The reason for that is that if you’re essentially spending a certain amount of money to live somewhere each month, and one of those options builds equity while the other does not, you should choose the one that builds equity.
The single piece of advice I’d give my younger self is to avoid all consumer debt. No credit cards, no loans to buy furniture, nothing.
I would tell him that student loans are okay to finish your education and a mortgage for your first home is okay, as is a loan for your first car. Other than that, personal debt is just far more of a negative than a positive.
Almost no investment you make will help you as much as freedom from debt will. If you’re far in debt and paying several percent interest, you have to invest and earn several percent interest on an equal amount of money just to break even. Live lean for a while instead, then start investing without that debt hanging over your head.
Q3: Handling angry coworker
I work for [a company that does creative work]. The work is highly collaborative. We spend a lot of time working in pairs or in groups of three on projects, constantly pushing each other to do better work.
One of the people in our office is jaw-droppingly talented. He sees things that none of us sees and puts out solutions so quickly and so accurately that the rest of us are just in awe sometimes.
There’s a problem, though. He has extreme anger issues. About twice a week, he’ll have a titanic meltdown where he just explodes at someone for not being good enough. He’ll say that he solves all of the issues at work and he’s tired of doing everything. He will usually end up berating a few people so intensely that they leave in tears. A few people have quit.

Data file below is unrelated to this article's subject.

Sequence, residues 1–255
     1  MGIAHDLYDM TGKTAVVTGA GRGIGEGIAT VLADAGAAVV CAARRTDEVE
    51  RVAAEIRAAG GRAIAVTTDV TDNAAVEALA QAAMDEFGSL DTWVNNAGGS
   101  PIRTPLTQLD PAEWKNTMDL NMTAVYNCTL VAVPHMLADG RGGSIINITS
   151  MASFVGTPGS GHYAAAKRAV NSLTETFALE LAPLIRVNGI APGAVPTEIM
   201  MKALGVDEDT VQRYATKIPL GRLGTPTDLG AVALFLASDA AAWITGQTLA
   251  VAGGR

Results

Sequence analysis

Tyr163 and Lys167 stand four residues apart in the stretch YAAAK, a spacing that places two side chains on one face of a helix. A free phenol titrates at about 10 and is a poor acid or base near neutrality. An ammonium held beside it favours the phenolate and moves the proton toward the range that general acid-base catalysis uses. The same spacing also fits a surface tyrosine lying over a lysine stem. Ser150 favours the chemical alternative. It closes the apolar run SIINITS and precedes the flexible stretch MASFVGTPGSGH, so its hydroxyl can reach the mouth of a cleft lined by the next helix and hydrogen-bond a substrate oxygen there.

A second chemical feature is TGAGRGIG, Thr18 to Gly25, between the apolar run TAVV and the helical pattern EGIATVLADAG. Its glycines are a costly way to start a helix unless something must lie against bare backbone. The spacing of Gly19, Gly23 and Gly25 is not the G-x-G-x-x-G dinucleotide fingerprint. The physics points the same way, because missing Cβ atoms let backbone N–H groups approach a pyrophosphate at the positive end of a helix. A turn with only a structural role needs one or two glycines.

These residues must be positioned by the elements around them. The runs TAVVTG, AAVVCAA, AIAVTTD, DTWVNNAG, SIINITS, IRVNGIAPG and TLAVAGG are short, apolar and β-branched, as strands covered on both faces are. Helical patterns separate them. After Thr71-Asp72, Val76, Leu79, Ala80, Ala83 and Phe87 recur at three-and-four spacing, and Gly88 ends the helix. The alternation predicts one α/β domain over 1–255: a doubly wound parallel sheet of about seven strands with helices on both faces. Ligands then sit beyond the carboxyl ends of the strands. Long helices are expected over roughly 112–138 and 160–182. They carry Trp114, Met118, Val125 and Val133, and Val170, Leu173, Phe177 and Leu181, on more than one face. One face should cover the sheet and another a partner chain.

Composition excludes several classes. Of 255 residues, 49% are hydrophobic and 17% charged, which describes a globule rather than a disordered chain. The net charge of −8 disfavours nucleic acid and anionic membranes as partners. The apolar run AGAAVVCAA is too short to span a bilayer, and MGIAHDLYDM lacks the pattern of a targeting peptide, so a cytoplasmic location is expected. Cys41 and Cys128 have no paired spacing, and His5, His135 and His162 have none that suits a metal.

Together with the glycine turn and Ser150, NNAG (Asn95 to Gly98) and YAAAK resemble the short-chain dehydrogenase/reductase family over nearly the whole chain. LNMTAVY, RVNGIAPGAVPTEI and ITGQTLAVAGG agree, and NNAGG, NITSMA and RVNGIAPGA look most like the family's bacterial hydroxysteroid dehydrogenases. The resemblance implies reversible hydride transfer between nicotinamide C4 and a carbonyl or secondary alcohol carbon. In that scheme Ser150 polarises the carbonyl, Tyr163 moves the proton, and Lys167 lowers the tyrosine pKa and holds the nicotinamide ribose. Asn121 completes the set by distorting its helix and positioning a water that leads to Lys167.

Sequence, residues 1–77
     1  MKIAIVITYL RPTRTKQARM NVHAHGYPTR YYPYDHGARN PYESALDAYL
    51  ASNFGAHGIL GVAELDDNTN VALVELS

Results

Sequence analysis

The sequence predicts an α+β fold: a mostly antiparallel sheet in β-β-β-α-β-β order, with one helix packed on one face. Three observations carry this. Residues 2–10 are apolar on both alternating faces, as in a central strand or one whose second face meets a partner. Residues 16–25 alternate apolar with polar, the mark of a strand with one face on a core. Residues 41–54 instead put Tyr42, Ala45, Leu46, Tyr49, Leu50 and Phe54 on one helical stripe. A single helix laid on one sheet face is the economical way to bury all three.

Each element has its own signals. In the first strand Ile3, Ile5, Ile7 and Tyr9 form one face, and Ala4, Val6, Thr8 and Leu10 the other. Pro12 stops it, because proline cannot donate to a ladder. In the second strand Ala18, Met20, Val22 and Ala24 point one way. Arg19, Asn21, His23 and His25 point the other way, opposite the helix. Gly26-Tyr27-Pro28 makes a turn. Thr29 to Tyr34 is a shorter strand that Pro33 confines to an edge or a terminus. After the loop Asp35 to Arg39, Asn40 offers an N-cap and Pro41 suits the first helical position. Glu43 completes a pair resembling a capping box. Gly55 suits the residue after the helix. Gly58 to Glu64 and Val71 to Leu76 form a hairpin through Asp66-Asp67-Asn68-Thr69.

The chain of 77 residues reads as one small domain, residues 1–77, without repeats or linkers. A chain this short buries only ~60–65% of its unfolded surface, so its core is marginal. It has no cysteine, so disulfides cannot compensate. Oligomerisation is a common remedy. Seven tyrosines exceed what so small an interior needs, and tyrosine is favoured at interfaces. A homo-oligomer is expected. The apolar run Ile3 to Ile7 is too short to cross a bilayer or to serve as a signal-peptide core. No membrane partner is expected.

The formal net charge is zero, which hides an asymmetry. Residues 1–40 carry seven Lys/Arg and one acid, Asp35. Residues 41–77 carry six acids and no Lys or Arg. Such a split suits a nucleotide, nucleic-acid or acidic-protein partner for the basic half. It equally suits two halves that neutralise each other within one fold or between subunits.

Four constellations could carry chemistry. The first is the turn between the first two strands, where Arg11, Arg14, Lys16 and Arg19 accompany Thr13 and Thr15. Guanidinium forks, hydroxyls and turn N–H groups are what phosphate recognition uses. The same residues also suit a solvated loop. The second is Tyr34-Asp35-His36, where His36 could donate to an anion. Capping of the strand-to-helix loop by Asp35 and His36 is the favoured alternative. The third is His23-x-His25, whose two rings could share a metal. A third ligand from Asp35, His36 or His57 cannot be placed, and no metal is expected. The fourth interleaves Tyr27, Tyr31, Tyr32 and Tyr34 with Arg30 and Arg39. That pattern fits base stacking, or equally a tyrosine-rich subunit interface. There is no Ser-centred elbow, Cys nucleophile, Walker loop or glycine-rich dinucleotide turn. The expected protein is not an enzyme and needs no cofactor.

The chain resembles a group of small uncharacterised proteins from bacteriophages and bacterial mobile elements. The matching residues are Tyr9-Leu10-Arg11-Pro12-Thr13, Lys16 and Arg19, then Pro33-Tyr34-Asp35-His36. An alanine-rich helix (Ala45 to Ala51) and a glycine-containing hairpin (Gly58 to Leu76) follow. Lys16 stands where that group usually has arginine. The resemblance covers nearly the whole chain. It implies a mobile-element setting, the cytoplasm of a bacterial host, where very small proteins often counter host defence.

He does do more of the work, but that’s because his mind can come up with things and implement them in five minutes that some of us couldn’t do in two or three days. He’s just a genius.
Management puts up with his rages because of his talent, but it is really hard to deal with. I don’t like going into work because I don’t want to deal with these explosions. Other than that, I love my job. Is this something worth quitting over? How should I deal with it?
Sit down with your immediate supervisor and talk about a plan for handling this. Obviously, the management team is going to be aware of the fact that their top performer has anger issues and that it may be driving away other solid performers. They don’t want to see those solid performers leave.
At one job that I had several years ago, we had a dysfunctional person on staff. Our immediate supervisor gave us a lot of leeway when interacting with this dysfunctional person. We were allowed to leave work for short periods to avoid potential confrontations, for example.
Assuming that the coworker is going to be retained no matter what you do, the best thing you can do is come up with a plan that gives you and other coworkers some breathing room. For example, you might want to have an informal plan where a worker who has just been berated can escape the office for a while to get their mind back on track. Work with your supervisor on this, because a good solution that can make everyone feel better is something that will help everyone in your workplace.
The best solution would be to send this top performer in for some anger management, but it sounds like that’s not in the cards, unfortunately.
Q4: Credit cards for other debts?
We are diligently and aggressively paying down about $10,000 worth of credit card debt accumulated during graduate school and a few years afterwards. The CC debt should be paid off by this time next year (hopefully earlier, though). After that’s paid, we have a private student loan we’d like to tackle. The current payoff amount is around $9,000 and it has a 9.9% interest rate. We’ve had lots of success transferring high interest credit cards to lower interest ones and knocking out debt with either 0 or 1.9% rate, so we’re considering paying the full balance of the loan off with a credit card and then paying the credit card, rather than the loan company. We could have it gone within a year if we do it. What do you think?